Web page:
Face Fit Testing For Respiratory Protective Equipment (RPE)
Are you sure that the Respiratory Protective Equipment (RPE) that you provide to your employees fits them properly? You should be, because the health of your employees and therefore the health of your business, could be at serious risk.
RPE, The Requirments
Where work activities may result in harmful substances contaminating the air in the form of dust, mist, gas or fume the employer needs to supply suitable protective equipment. For example:
- cutting a material such as stone, concrete or wood
- using a liquid containing volatile solvents
- handling a dusty powder
- spray painting
Where employees need to work in areas where oxygen levels are low, for example: confined spaces, such as a chamber or tank the employer needs to supply suitable protective equipment. RPE is designed to protect the wearer from these hazards. Under the regulations, you are required to provide RPE that is adequate and suitable to ensure the wearer is protected. This means:
Adequate: It is right for the hazard involved and reduces exposure to the level required to protect the wearer’s health.
Suitable: It is right for the wearer, task and environment, such that the wearer can work freely and without additional risks due to the RPE.
Adequate & suitable means a good fit
Recent research indicates that up to 50% of all RPE used across industry does not offer the wearer the level of protection either assumed or desired. The reason for this issue is that the protective measures simply do not fit properly. Under the regulations, all RPE must be correctly selected and this includes, for many types of RPE, a face piece Fit Test conducted by a competent person.
Where RPE is used, it must be able to provide adequate protection for individual users. RPE is not an effective protection method if it leaks, and a major cause of leaks is a poor fit. Facepieces need to fit the wearer’s face to be an effective protection method. People are people and they come in all sorts of shapes and sizes, therefore, it is unlikely that one particular type or size of RPE facepiece will fit everyone. Fit testing will ensure that the equipment you have selected is suitable for the wearer and ensures that you have met all of your requirements under the regulations.
What are fit tests?
As part of HSE regulations and the corresponding Approved Codes of Practice, part of the process for choosing the correct model of RPE (respiratory protective equipment) is to undergo a fit test. These tests are either “qualitative” for disposable masks or “quantitative” for half face & full face masks.
The test is designed to ensure that the wearer is using a mask that can provide adequate protection for the job and the substance involved. The performance of any protective mask will depend on a good seal between the wearer's skin and the face seal of the mask.
What you need to do
The best time to do fit testing is at the selection stage when employees can be given a choice of adequate models of RPE. You should ensure that the make, model, type and size of facepiece that they wore when they had their successful fit test is made available for their use. If an employee wears more than one type of tight-fitting facepiece, then each type of facepiece should be fit tested.
How to do it
RPE fit testing should be conducted by a competent person, who is appropriately trained, qualified and experienced, and is provided with appropriate information to undertake each particular task. Many protective masks rely on a good seal against the face so that, when the employee breathes air in, it is drawn through the filter material where the air is cleaned.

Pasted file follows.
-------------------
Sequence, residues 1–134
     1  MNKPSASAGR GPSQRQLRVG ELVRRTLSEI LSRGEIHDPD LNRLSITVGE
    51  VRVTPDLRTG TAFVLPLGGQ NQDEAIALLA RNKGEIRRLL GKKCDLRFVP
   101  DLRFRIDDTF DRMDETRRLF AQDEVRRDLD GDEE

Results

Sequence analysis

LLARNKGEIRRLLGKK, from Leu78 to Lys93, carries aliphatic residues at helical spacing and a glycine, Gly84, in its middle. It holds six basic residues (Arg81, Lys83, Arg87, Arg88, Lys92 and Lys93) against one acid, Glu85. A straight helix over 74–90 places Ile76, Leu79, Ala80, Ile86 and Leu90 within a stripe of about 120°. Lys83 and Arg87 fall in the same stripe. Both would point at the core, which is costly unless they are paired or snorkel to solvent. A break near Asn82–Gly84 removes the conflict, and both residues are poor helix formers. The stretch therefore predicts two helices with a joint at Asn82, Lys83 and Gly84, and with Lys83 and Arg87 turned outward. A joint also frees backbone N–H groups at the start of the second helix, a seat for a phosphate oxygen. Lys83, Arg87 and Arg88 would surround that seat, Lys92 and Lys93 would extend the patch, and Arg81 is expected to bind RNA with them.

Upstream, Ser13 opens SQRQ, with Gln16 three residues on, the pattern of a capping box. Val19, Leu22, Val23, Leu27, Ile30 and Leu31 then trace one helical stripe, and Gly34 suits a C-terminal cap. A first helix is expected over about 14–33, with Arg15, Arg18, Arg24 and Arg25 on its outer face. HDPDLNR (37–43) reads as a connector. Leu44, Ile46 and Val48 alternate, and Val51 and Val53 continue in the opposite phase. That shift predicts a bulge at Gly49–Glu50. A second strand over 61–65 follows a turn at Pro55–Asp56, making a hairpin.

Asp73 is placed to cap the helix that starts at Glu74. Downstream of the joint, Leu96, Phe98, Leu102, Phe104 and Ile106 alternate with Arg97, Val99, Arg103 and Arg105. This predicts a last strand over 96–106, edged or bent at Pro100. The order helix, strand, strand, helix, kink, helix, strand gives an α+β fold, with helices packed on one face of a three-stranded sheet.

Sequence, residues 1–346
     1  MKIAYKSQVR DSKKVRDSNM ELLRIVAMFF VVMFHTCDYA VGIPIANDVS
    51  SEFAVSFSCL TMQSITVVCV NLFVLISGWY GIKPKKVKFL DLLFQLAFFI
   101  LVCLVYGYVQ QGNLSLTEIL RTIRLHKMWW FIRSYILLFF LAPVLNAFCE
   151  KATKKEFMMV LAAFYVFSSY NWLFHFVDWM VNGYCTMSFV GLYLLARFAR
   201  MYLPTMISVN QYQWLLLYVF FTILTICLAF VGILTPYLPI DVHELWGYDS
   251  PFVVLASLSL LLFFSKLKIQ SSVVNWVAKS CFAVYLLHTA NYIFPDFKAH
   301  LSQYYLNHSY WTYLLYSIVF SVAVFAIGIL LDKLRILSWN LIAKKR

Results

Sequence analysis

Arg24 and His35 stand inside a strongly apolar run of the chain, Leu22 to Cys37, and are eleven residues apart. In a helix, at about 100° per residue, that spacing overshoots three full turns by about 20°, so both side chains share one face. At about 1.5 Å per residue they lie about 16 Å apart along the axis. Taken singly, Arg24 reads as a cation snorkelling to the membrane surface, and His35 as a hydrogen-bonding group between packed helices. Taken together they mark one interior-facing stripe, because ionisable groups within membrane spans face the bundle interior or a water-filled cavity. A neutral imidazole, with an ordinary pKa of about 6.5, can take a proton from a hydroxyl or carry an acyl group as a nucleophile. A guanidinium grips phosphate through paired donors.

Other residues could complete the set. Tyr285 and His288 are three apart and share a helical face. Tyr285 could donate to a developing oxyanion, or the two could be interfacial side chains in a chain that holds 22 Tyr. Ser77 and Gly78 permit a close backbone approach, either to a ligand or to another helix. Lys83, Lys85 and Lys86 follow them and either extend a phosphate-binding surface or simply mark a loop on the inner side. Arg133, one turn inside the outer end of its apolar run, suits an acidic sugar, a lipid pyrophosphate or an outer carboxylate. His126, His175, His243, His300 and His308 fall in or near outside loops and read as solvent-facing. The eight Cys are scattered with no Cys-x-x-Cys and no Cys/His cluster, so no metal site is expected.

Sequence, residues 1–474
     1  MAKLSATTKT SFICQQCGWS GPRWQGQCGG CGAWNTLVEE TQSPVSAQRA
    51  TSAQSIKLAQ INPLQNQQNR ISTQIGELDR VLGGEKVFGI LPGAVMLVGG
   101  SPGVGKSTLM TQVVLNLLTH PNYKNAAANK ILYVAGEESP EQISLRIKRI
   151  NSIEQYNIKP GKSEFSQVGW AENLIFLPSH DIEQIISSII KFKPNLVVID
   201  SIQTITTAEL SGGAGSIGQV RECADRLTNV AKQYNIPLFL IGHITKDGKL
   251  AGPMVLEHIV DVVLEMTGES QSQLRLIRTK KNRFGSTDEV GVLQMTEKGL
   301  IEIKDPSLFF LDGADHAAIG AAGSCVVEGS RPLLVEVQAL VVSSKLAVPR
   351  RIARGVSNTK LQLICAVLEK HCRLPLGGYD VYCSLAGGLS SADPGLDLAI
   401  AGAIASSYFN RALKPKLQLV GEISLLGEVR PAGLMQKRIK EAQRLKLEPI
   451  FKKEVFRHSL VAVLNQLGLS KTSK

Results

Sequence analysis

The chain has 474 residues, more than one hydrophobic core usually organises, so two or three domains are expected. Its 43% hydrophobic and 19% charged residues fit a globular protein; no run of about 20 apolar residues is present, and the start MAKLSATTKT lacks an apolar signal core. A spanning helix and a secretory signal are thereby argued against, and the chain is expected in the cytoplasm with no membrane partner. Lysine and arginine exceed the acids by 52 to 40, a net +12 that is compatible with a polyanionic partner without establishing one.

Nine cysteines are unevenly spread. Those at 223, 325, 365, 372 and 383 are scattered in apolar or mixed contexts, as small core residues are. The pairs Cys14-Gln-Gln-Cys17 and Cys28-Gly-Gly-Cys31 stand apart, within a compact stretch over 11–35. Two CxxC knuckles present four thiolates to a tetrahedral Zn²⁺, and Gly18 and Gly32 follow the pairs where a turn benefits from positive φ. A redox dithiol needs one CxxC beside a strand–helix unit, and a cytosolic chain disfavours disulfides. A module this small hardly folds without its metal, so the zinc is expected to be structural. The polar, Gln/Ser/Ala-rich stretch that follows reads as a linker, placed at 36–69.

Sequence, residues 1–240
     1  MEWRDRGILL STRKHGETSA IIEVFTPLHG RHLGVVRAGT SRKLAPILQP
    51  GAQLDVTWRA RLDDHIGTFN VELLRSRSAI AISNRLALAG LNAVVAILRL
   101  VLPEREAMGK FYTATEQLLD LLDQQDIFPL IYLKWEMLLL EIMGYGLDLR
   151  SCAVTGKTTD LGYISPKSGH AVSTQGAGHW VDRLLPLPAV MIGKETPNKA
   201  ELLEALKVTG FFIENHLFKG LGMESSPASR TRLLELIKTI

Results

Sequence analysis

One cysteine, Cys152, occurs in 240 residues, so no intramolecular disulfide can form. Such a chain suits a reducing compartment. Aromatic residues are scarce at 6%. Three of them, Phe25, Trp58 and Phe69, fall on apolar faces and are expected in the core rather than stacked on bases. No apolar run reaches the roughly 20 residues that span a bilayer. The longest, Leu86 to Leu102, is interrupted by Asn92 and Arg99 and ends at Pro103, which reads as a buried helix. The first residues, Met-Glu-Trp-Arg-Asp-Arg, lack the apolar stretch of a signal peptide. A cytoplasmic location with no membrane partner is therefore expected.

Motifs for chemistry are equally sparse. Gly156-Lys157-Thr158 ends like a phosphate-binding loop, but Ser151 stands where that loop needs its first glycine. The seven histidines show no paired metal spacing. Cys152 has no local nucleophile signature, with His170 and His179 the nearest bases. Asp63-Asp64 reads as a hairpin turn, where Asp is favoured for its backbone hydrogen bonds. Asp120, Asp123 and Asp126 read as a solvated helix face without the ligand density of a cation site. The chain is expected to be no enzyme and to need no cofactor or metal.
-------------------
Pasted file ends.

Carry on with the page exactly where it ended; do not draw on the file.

If there are any gaps around the edges of the mask, contaminated air can and will pass through these gaps and into their lungs. It is therefore important that fit testing is undertaken. It is also important that your employees are trained to put their mask on correctly and to check for a good fit every time. In many cases, facial hair, stubble and beards, make it impossible to get a good seal of the mask to the face.
Being clean-shaven when wearing tight-fitting masks will help prevent leakage of contaminated air around the edges of the mask. However, in the case of an employee with facial hair for religious reasons, there are alternative forms of RPE, that do not rely on a tight fit to the face.
The HSE regulations and ACOPS further require that RPE is regularly inspected and maintained by a competent person. We can supply training to one of your employees to undertake this task. The training is in the form of a practical session indicating the main areas to look out for in general wear and tear on respirators to ensure that they keep to the required level of day to day performance. ACOPS recommend that respirators should also be serviced at 6 monthly intervals so this should be part of your consideration.
If you have any questions about fit tests, or health surveillance services across the UK, please don't hesitate to contact us at 01455 234 600 or contact us online now.
We have been using the services of Health Screen Uk since 2012 for our yearly Occupational Health Surveillance, covering Audio, Lung Function, Dermatitis and HAVS testing. We have always found Kerry and team to be both Professional and Efficient in the services they provide
Most recently we asked Health Screen to help provide us with Quantitative Face Mask Testing. Kerry was extremely helpful in providing this service in a very limited and difficult timescale.
Indeed our whole workforce was Tested and fitted in just one day with minimal disruption. We highly recommend this company to anyone requiring these services. A big thanks from everyone at HSL Construction.